28Feb

Organizational Leadership (Part 2 of 10)

Editor’s Note: This is part 2 of a 10 part series on pastoral leadership that I am writing for my seminary class, Leading Christian Communities, with Dr. Kyle J. A. Small.My reflections in this series are based on the project “Learning to Follow, Learning to Lead” (2012) by Dr. Megan Mullins & Dr. Kyle J. A. Small, which assessed seven competencies for the practice of pastoral leadership.

May I be completely honest with you? I know that I shouldn’t have to ask that question, but I will probably say some things in this post that aren’t going to sit right with many of my colleagues in ministry. You may feel upset, frustrated, or even angry. You may feel saddened, you may feel insecure, or you may start praying that I never become a pastor (“Go back to your crazy business world,” you might say). But if you stay with me through these feelings, I think we will find fruitful ground for conversation, and at the very least we will discover that we share a deep love for the church of Jesus Christ.

The church is a business. And it needs to start operating like one.

Okay, not entirely. But the church, like any thriving business, is an organization, and there are many principles and practices understood as basic necessities in the business leadership that would add significant value to our churches if pastors would humbly acknowledge that just maybe the ‘secular’ business world has many gifts to offer us.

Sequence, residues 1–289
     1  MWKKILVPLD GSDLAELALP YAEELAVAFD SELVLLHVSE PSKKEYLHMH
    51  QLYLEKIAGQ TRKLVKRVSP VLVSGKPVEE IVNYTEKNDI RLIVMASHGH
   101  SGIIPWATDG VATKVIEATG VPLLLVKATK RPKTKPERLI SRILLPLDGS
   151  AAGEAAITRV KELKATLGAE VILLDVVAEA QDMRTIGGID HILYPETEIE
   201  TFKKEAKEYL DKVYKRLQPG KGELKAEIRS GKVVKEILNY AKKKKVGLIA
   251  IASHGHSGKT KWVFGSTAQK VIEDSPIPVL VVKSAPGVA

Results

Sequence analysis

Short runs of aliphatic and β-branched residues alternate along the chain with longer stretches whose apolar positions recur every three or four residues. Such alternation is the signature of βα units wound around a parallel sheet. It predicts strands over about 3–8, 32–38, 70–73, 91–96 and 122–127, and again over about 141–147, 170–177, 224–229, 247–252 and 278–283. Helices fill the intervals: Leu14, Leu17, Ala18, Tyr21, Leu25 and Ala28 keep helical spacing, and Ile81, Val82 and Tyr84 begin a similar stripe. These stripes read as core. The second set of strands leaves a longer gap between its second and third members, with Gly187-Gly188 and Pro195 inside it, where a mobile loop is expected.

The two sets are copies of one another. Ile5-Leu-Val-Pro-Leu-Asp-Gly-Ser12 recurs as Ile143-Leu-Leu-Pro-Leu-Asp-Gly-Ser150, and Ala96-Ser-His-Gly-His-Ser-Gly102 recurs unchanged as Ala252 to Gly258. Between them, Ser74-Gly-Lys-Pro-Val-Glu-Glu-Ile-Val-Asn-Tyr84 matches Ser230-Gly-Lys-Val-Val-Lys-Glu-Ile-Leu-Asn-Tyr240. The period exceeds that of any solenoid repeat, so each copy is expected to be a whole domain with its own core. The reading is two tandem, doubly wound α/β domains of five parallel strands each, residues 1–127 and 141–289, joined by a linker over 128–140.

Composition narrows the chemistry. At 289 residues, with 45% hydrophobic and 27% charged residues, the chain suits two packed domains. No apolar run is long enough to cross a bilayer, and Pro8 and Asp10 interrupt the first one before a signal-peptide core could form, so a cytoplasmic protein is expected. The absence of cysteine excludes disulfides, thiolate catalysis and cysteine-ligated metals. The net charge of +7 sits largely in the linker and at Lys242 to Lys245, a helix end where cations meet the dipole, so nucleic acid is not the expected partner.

In the “Learning to Follow, Learning to Lead” project, organizational leadership is defined as the competencies to “develop congregational culture through strategic and resourced planning, vision casting, and implementing change.” To most pastors, organizational leadership isn’t sexy. But it’s amazing how much the Spirit can use effective organizational leadership to lead a church in vibrant ministry.

In class last week, we spent some time going over the basics of reading a church budget. This was a helpful exercise as many of my classmates have little experience in that area (and I certainly recognize the uniqueness of my having been a public accountant in my pre-seminary life). I have been encouraged by the few of them who have continued that conversation with me in the days following. They will be great pastors!